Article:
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A tribute to Elizabeth Warren

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Elizabeth Schafer is Professor of Drama and Theatre Studies at Royal Holloway. Her work focuses on Shakespeare in production; women’s theatre work; Australian drama and theatre; and Caroline playwright Richard Brome. In this guest post, she pays tribute to her secondary school teacher and the influence that she had on Prof. Schafer’s own personal and professional journey. 

Elizabeth Warren, who died late last year, was an extraordinary Woman in Classics, with a particular passion for teaching Greek. From 1969 onwards, Elizabeth taught Greek, Latin, Ancient History and Classical Civilisation in a wide range of educational contexts including Bristol University and the Joint Association of Classical Teachers (JACT) Greek summer courses at Bryanston school, Blandford Forum.

I first met Elizabeth when she joined the staff of King Edward VI High School for Girls, Birmingham, in the mid 1970s. She looked like no other teacher I’d ever met: tall, willowy, with Pre-Raphaelite yellow hair and phenomenal reserves of energy. As my Latin and Greek teacher she helped me navigate Catullus, Virgil, Livy, Homer and Thucydides, but she was also my form teacher for one year, concerned and supportive – often with a twinkle in her eye – as 24 teenagers over-shared their problems. Meanwhile in Latin classes she tactfully steered discussions of Catullus’ poetry, sensitive to her pupils’ different levels of worldly experience, and understanding. She led us through the newly introduced Cambridge Latin course, collapsing with laughter at the howls of protests that erupted when we found out that the irritating Quintus had survived the eruption of Vesuvius, along with boring Grumio, when clearly poor Melissa should have been the one to escape.

Elizabeth’s confidence that girls could achieve what they wanted intellectually was inspirational. Setbacks became challenges, mistakes became learning. She told memorable stories of her solo travel adventures; one came back to me as, around 35 years ago, I was interrailing around Europe and my (very slow) train stopped at Trasimeno. Elizabeth had enlivened Livy’s account of the battle of Lake Trasimeno by telling us how she had once, in her enthusiasm for seeing the site of the battle, jumped off the train at Trasimeno and set off to explore. What she found was very little lake, squadrons of mosquitoes and that there wasn’t another train for days.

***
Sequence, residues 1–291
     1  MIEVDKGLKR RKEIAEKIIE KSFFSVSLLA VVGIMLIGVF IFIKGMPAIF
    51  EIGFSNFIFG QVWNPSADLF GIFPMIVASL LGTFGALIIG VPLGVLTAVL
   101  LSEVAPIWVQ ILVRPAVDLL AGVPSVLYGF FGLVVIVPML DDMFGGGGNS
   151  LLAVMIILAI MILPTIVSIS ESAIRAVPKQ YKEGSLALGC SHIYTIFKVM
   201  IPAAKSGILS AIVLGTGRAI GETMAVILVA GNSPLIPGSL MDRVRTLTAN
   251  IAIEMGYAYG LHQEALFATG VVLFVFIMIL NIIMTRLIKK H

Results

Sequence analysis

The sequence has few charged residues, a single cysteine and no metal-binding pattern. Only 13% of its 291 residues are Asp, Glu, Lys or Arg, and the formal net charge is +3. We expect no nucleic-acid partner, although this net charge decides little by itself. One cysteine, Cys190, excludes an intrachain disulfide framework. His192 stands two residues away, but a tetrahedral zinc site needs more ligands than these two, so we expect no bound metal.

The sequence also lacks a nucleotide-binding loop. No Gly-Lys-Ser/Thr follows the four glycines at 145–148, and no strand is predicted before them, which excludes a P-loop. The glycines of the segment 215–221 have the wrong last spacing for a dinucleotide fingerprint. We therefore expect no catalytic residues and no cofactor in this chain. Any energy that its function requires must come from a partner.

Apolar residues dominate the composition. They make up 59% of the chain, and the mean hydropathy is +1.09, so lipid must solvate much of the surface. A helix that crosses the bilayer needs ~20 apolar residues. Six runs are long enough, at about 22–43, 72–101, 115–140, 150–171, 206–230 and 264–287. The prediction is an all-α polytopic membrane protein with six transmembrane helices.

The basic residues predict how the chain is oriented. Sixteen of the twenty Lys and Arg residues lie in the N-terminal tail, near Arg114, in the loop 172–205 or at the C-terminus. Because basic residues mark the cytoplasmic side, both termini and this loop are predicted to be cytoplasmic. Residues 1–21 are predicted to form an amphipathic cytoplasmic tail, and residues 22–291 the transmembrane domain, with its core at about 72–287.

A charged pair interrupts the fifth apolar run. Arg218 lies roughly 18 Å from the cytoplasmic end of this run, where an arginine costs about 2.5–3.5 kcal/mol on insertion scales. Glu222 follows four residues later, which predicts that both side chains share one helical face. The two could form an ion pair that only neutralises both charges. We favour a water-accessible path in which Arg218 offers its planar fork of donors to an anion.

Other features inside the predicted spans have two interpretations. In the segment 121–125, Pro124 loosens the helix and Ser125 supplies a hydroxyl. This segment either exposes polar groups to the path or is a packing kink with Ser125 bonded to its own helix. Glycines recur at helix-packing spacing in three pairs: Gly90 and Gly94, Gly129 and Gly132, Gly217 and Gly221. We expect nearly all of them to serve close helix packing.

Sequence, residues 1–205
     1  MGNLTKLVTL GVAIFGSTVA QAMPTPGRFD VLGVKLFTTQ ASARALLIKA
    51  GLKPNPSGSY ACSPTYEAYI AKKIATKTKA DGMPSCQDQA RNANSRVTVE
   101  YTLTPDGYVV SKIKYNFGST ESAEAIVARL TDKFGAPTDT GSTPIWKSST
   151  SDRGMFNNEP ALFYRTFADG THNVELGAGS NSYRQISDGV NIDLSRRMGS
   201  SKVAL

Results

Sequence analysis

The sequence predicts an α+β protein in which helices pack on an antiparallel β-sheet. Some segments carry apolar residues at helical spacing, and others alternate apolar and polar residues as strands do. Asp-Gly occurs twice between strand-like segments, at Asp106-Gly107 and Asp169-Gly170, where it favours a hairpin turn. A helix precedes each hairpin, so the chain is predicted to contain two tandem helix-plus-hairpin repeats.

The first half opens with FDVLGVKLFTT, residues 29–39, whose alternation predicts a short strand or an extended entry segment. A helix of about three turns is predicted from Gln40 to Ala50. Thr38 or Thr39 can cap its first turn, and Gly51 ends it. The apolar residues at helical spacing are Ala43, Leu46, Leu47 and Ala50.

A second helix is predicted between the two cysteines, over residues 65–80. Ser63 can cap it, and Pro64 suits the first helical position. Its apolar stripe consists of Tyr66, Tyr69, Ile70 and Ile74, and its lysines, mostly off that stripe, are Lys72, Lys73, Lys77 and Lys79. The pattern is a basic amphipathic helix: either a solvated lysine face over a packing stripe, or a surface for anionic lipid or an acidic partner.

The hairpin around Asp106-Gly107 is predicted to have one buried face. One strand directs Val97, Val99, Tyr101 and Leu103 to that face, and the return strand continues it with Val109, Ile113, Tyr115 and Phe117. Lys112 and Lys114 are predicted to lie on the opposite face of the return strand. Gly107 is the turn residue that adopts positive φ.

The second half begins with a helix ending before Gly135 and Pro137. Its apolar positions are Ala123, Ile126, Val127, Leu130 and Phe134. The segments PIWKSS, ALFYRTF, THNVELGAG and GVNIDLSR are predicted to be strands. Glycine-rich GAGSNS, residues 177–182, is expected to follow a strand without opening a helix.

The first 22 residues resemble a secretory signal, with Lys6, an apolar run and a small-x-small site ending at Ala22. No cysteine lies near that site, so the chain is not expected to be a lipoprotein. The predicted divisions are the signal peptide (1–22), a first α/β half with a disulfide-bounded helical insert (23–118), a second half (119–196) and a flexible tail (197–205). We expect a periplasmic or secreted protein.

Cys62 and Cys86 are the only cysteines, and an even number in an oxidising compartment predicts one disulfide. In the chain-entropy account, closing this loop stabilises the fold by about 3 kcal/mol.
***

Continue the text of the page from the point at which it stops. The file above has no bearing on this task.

My entire class was also convinced that when Elizabeth, aged 20, had married Peter Warren, a research fellow at Corpus Christi, in 1966, they had eloped to Gretna Green. So when Elizabeth brought Peter into school to deliver a sixth form general knowledge lecture on archaeology, there was great interest in seeing this romantic figure. I was entrusted with Peter’s slides, stacked neatly in a carousel. I promptly dropped the lot (I still feel mortified about this). Peter and Elizabeth were totally unfazed and years later when I read Elizabeth’s ‘Memories of Myrtos’ in Aegean Archaeology, I realised why. Archaeologists are used to dealing with stuff scattered all over the floor. What really impressed me, however, as Peter lectured from his unpredictably sequenced slides, illustrating Early Bronze Age Crete and the discovery of the Goddess of Myrtos, was his emphasis on how pivotal Elizabeth had been to the success of the excavations during the two seasons in 1967 and 1968. She managed food and accommodation with no electricity, drains, rubbish collection, or tarmac in 44 degrees centigrade. She also helped carry out study seasons after the excavations had finished, drawing and tracing vases and small objects for subsequent publications.

Elizabeth instilled a passion for the Classics in me, and I continued with Latin as part of my London University English degree, taking an option in the  Classical Background to English Literature which included translating a significant amount of Senenca’s Medea. I lectured on Greek tragedy at La Trobe University and I put Greek drama on the first year core Drama course at Royal Holloway. I love working with the APGRD, and all that Seneca paid off when I was researching Elizabeth Cary and her neo-classical dramaturgy.

Although some of Elizabeth’s achievements were conventional – mayor for five years and deputy mayor for two – Elizabeth’s kind of brilliance, her ability to engage, interest and inspire students was of the sort that can easily be undervalued. When she left KEHS, her then form missed her so much that they hired a bus to go and see her (the catering experience in Myrtos probably came in handy that day). But for me, the most telling tribute to her came from a friend and class mate, Susan Clarke, who was no Classicist and who was ready to drop Latin as soon as she could:

For someone who was really only good at maths and science I remember her lessons being a safe and comfortable place and her making Latin a fun subject.

So vale, Elizabeth, and thank you.

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